Ten Small Things That Can Add Big Years to Your Life

People have a will to survive, a desire to live a long and meaningful life. While there are certain things we can’t control, there are many that we can. From little things like wearing a seatbelt to eating a piece of fruit, many of us have the keys to our own survival in our hands. And, most of the time, engaging in a few of these life preserving acts is sure to keep us afloat for a little bit longer than usual. 

Daily Workouts

You don’t have to be a fitness expert to know that regular exercise can increase physical health. But, as it adds weight to muscle mass and adds strength to the cardiovascular system, it also makes one of the most important additions of all: years to life. 
 
A recent study at the Erasmus M.C. University Medical Center surveyed and tested over 5,000 men and women, finding that those who engaged in exercise – running, aerobics, yoga – almost daily added up to 3.7 years to their life. This was largely due to the fact that exercising decreased stress and interrupted the development of heart disease, the leading killer of Americans. 
 
Not Smoking
We all know that smoking is bad, with “No Smoking” signs recently evolving into more of a life saving plea than a simple suggestion. However, for those who have routinely engaged in use of tobacco, quitting can still sustain life, allowing longevity to butt in. 
 
US and Canadian Researchers recently found that even after the onset of tobacco induced lung diseases, quitting smoking can still increase lifespan, adding up to five years. This was based on the findings that the mortality rate of middle-aged heavy smokers was cut in half once they decided to extinguish their cigarettes, and their habit.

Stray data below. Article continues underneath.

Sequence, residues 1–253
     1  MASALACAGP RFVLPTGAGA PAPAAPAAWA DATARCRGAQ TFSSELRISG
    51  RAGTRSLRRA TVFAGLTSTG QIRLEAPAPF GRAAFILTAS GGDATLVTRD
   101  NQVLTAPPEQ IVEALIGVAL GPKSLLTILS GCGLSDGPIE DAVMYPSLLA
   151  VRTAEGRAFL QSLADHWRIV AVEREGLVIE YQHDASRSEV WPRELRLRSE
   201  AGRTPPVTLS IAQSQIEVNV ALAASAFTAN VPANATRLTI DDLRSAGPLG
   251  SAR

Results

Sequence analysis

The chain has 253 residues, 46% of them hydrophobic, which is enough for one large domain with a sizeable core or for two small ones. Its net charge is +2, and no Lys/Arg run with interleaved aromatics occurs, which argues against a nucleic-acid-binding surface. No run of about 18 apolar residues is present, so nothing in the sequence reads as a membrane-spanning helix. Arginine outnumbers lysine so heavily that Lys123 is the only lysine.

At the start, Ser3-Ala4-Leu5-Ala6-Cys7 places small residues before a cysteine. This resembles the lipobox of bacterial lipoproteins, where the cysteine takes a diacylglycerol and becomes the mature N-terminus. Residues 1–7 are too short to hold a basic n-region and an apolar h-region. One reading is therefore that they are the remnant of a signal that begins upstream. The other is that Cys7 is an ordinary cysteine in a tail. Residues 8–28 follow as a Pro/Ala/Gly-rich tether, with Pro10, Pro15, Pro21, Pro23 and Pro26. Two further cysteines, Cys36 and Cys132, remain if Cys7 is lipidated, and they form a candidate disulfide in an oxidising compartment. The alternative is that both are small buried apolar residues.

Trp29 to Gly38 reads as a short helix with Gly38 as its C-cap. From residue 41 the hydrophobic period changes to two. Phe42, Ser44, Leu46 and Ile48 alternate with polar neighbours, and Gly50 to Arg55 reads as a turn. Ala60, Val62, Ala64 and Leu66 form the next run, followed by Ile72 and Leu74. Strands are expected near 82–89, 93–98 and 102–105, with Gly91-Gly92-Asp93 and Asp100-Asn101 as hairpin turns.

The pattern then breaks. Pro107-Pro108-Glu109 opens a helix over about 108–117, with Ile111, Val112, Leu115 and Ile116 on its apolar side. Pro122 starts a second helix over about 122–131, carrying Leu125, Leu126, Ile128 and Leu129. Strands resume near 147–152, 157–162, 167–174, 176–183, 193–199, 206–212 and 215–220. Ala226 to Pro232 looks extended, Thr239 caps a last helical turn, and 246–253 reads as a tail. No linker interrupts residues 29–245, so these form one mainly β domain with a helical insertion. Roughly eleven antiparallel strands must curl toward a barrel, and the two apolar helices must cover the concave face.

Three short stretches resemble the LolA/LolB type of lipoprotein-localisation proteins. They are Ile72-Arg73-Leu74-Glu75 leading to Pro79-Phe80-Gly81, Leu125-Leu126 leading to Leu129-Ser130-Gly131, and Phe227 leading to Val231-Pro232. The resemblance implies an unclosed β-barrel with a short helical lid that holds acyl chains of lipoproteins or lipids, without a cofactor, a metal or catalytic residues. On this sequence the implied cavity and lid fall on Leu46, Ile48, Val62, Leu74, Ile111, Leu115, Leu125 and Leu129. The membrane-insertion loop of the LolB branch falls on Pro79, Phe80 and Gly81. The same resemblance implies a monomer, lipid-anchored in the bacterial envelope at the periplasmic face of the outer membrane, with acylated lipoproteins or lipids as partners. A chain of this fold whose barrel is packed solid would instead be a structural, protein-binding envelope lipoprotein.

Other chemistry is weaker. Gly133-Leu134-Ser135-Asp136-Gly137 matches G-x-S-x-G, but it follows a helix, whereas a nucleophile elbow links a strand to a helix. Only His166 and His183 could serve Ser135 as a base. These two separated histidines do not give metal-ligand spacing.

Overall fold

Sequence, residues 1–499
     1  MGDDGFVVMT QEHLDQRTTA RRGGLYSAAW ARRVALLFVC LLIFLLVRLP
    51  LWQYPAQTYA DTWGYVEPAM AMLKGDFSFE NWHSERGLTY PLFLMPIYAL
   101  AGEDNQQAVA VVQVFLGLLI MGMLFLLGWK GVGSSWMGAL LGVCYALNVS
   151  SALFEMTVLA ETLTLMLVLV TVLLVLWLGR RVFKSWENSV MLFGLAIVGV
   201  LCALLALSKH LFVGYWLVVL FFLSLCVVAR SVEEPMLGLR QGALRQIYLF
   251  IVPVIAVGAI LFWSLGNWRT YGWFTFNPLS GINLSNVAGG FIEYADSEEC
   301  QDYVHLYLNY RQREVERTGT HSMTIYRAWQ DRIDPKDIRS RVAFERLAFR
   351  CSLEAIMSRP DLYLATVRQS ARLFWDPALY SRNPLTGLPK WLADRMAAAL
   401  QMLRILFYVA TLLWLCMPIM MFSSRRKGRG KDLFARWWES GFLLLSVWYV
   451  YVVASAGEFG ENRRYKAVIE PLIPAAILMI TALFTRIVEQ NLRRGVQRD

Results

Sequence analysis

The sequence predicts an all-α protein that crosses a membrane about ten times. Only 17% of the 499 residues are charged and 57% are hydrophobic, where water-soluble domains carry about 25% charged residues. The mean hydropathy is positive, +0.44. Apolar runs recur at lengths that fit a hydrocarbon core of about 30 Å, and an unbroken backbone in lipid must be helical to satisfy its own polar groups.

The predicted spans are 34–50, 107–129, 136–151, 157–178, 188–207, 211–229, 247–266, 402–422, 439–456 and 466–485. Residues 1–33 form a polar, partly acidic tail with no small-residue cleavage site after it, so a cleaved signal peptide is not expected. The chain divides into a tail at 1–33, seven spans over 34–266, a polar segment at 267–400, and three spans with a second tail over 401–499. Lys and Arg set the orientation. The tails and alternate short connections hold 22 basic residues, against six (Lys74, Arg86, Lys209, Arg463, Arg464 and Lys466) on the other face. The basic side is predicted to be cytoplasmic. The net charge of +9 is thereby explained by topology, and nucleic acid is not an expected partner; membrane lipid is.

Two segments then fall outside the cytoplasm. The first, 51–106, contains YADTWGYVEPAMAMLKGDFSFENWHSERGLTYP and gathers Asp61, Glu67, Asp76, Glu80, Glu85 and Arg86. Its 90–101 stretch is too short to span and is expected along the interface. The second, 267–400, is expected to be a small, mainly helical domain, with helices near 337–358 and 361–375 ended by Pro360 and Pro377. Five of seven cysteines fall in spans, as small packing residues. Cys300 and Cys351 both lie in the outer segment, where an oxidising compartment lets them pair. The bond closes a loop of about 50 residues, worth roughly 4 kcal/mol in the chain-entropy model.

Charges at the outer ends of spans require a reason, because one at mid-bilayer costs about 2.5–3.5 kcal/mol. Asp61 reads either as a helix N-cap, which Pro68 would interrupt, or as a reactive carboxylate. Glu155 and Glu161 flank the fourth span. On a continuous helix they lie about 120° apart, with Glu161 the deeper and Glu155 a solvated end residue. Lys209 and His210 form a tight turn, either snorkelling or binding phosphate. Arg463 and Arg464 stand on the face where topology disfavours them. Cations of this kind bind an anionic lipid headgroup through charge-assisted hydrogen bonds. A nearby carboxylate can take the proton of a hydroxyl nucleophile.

Yoga, because it produces many of the calming affects of nicotine, while teaching you discipline, perseverance, self-awareness, and allowing your body to be a conveyor of positive emotions, has actually helped smokers quit. 
 
Owning Pets
Dogs may truly be man’s best friend. They are loyal, happy, and rarely borrow things without returning them. And, going beyond the call of a “true friend,” they also increase a person’s life. 
 
Several studies have shown that owning a pet lowers a person’s blood pressure, increases self-esteem in children, decreases the mortality rates of heart attack victims, decreases cholesterol, decreases depression, relieves stress, and increases family happiness. Pets also make people, particularly younger people, more likely to participate in extracurricular activities. On a whole, research predicts that those who own pets will outlive those who don’t by an average of seven years. 
 
Eating Wisely
Eating wisely may seem like an improbable goal, with eating poorly often cheaper and more convenient. But, eating wisely doesn’t have to be that hard. All it takes is a little planning, a little discipline, and little portions when the food is unhealthy. 
 
Because most things are good in moderation, eating healthy doesn’t mean you can never indulge in a piece of pie or a fast food hamburger; all it involves is eating fruits, vegetables, fish, and fiber most of the time, and making lapses in food judgment only occasionally. 
 
Eating dark chocolate and drinking red wine in moderation, as recent studies have shown, may even increase your lifespan. This is because both contain ingredients that have a positive affect on the heart and the arteries. 
 
Having Good Friends
Human beings have an innate desire to be needed and be wanted. Because of this, having friends and close confidants can increase a person’s well being, and their life. The reasons for this lie in the fact that friends and partners are people we can use to reduce stress, boredom, and sadness. 
 
This seems to be particularly true for older people. An Australian study involved researching 1400 elderly men and women for a period of ten years. The findings concluded that those who had the most close friends ended up living the longest. 
 
Laughing
The phrase “Laughter is the best medicine” may seem like little more than an old saying. But, like many old sayings, this one seems to have a bit of truth.